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May 15, 2017 | by  | in Visual Arts |
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A pause between two periods of motion

I have a working definition of poise, which came to me looking at paparazzi pictures of Rihanna crossing an iron grate in heels. She does it, often — always captured by the press — and what is she if not poised; as in, suspended in the moment before the pounce. Poise has no uniform but it requires a balance, made all the more difficult by a pair of stilettos. If that is not a display of power then tell me what is. Poise: a woman who is not about to slip through the cracks.

Pipilotti Rist’s Pickelporno, on display at the Adam Art Gallery, begins with such an image. Silver heels, strappy, cross an iron grate, turning beam to bridge. It’s a calculated entrance, one loaded with intent; a woman dressed in yellow moves toward a man in blue. They greet one another, he hands her a rose, they fall into bed. If we think of porn, which so often insists sex take place in context — no matter how fanciful — then this is not that; it is also not erotica, which demands much of the same. No, this is sex as association.

What do you see when you see a lemon?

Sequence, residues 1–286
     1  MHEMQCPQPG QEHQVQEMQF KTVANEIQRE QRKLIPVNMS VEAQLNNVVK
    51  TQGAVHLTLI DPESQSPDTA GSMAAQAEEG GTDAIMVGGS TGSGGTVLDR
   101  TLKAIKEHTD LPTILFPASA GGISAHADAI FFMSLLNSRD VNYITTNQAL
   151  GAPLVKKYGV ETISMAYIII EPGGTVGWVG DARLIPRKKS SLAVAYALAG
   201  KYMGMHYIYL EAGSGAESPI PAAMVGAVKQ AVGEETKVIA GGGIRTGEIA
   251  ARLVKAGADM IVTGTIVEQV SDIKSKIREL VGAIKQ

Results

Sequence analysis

How does a flower fuck?

How do you feel, seeing fingers plunged deep into watermelon flesh?

What is the truth of sex, if not that it feels better than it looks it should?

Laura Mulvey insisted on the idea of the woman as bearer of symbolic meaning, never being herself alone but the carrier of a history defined by what it means to be seen. Woman is not just person, and nor is man — they can be not that but they can’t be nothing more — because unless the viewer allows for sex to be something that erases the individual, then they must be read as agents in these actions; players in a game. How can they allow that, if we assume they never have before? What I’m saying is the body is more than the means, less than the message. This is a game of signs.

In Pickelporno sensations have blurred outlines. Tactile emotions are translated into the  visual, which melts into memory — the ever unreliable — and suddenly sex looks a lot like a pile of rocks, or two birds flying overhead. This overlay of images works to create a film that extends outwards, rather than inwards: a film that is impossible to penetrate. This is what Laura Marks would call a haptic mode of looking, tending not to “distinguish form so much as discern texture.” Love, which might be defined as believing the lies you tell your lover, is coarse in texture. Like sandpaper, it smoothes rough edges. Sex has more tactile potential: the goosebumps of a lemon; a flow of lava; an orange wedged in the crease of your knee; limbs turned to liquid under a firm hand.

Poise in another sense, courtesy of the Oxford English Dictionary: a pause between two periods of motion. In the film, at the point just prior to climax, things speed up. Images flash — nature, flowers, plants, bodies — then they stop. And for a moment, we pause in the shadows of a blank screen.

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